A few vulnerable groups of patients were also alerted when the pandemic started. For example, patients with multiple sclerosis (MS) wondered whether they were more susceptible to COVID-19, whether they could still undergo their treatment, whether the virus would trigger a new MS attack, and so on. To be able to provide correct medical advice, the MS Data Alliance, with UHasselt [University of Hasselt] as its coordinator, launched a study in record time. A database was built together with researchers from the Flanders AI Research Program to host the health data of MS patients from more than 80 countries. These data were collected and analyzed to adjust the COVID-19 advice for people with MS based on data-driven insights. This medical advice is now available in 14 different languages around the world. 


The Flanders AI Research Program will naturally cover many more medical applications. Sabine Demey explains the focus: "We are geared to methods that can support and improve healthcare in the coming years. Thanks to AI, people can get the right diagnosis and treatment faster, plus a qualitative follow-up that monitors the patient in all circumstances, in the hospital and at home."  

One high-profile area of this research is single-cell technology. To gain a better understanding into how our bodies work and to be able to map out the immune system in detail, this technology focuses on the study of tissues and cells in unprecedented detail. This can lead to revolutionary results through ‘bespoke' treatment for patients in oncology, neurology, immunology, and stem cell research. You can make that step towards precision medicine if you manage to turn the detailed insights into new treatment methods. Single-cell technology can thus have an extraordinary impact on the pharmaceutical and diagnostic industry. But... to gain substantiated insights, you first need to input and analyse a huge volume of data. And that is a real bottleneck. That is why the UGent/VIB research group is working within the Flanders AI Research Program on the development of new methods to analyse single-cell data.  

Some 60,000 people have epilepsy in Belgium. Despite their medical treatment, 1 in 3 suffers from sudden and unexpected seizures. Most epileptic seizures occur at home, not in the presence of caregivers and hospital equipment. The goal within the program is therefore to develop a method that can help the patient outside the hospital environment. KU Leuven, Ghent University, and Hasselt University are working together with UZ Leuven to develop an AI method that predicts as accurately as possible when a patient will have the next epileptic seizure or when the risk of a seizure increases significantly. Patients can monitor themselves better with this information, while the treating neurologist can get a better idea of the patient's medical condition.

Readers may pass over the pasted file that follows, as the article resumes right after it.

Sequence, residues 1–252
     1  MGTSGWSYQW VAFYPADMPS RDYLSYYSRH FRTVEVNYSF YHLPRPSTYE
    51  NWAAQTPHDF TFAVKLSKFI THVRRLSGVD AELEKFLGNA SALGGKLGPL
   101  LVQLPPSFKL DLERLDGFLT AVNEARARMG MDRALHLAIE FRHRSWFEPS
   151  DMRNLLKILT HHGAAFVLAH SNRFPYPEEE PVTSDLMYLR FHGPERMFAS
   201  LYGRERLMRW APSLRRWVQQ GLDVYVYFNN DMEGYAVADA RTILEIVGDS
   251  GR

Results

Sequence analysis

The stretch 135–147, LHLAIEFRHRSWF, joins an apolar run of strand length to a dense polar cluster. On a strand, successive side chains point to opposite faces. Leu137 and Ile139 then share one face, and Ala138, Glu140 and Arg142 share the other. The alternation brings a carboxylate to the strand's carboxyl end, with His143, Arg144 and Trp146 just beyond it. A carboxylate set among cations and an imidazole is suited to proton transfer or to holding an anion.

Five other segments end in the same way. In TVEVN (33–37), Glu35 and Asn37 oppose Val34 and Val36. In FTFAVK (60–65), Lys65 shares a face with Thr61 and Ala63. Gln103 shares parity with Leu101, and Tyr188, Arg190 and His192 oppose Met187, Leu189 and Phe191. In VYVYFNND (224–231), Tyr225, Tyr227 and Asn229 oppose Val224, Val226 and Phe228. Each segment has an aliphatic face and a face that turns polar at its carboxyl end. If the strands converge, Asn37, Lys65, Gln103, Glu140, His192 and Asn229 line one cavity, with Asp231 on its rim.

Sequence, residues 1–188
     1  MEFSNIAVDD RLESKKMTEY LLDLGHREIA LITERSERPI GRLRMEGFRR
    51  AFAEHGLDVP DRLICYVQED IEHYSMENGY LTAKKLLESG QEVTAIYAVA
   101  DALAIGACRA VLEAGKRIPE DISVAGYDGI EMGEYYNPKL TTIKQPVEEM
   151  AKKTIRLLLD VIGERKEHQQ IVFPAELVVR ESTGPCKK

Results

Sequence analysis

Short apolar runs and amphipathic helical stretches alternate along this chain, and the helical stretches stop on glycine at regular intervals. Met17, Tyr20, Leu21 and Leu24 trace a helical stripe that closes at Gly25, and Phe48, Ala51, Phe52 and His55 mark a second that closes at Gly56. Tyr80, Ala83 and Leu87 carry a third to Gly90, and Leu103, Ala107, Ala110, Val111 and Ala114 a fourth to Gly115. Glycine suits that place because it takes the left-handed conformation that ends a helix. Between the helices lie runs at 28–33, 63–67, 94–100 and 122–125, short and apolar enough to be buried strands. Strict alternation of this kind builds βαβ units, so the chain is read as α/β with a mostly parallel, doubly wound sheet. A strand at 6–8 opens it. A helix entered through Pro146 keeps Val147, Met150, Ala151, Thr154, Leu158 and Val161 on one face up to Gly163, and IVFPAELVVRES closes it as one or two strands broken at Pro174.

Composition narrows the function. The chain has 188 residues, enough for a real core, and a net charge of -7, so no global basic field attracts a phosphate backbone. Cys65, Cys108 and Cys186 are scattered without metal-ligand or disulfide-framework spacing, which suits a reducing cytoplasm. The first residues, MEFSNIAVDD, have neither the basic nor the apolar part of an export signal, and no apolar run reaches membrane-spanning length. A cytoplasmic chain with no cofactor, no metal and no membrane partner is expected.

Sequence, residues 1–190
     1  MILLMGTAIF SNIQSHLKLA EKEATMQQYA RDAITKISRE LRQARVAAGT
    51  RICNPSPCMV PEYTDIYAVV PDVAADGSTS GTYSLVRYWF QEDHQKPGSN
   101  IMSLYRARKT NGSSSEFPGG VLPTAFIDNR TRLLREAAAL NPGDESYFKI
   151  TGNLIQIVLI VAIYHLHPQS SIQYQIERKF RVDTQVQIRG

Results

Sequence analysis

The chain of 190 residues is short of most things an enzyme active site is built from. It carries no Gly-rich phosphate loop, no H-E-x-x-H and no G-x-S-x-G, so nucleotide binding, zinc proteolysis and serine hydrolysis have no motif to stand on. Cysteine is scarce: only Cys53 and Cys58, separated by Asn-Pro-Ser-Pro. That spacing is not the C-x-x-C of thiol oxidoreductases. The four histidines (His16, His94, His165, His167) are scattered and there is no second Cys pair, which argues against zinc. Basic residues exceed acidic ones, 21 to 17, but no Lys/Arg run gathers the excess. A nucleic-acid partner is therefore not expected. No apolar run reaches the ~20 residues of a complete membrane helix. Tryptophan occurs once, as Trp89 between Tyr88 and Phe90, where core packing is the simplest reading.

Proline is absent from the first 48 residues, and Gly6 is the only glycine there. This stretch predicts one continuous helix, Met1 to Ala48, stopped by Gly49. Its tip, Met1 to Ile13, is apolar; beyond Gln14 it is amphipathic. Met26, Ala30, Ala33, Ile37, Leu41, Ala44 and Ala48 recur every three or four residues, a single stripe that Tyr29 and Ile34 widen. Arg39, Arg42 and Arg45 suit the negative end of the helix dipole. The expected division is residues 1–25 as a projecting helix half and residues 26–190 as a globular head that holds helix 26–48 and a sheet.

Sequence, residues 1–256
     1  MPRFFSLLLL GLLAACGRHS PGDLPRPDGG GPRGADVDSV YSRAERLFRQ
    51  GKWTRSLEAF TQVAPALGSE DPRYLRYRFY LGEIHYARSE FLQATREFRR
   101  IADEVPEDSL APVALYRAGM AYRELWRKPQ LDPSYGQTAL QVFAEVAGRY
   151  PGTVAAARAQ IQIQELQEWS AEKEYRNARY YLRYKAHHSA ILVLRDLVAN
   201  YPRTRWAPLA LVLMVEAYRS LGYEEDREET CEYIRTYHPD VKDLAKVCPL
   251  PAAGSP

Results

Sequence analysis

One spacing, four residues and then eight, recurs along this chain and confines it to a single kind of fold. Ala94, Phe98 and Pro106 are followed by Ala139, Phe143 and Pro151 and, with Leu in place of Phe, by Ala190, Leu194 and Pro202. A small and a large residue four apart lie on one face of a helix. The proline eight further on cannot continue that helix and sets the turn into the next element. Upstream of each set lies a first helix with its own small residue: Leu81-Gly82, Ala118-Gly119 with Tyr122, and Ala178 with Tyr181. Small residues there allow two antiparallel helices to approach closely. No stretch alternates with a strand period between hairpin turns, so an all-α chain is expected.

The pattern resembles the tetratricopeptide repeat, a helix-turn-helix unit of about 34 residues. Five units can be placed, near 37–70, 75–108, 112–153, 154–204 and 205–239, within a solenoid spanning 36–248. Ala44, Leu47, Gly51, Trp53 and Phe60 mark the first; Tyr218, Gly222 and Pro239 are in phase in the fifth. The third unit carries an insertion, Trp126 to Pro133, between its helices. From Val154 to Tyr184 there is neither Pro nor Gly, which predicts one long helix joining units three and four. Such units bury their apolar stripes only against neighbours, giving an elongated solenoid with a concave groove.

In 2020, 1 in 5 people living in Flanders was 65+. And that number will increase in the coming years. The percentage of hospital admissions increases with age, so we expect the pressure on our hospitals to rise as well. The top priority in the health sector is to provide patients with optimal care. More and more hospitals are consequently looking at AI to plan the treatment of their patients better, so that patients spend less time waiting for their treatment, surgery, diagnostic admission, etc. It is important for hospitals to make the best possible use of the time patients spend on their premises. The length of stay is an important parameter for the planning and organizing of operations and patient treatment, staffing and the use of technology and logistics. An optimal patient flow can therefore lead to greater patient satisfaction as well as cost savings for the hospital.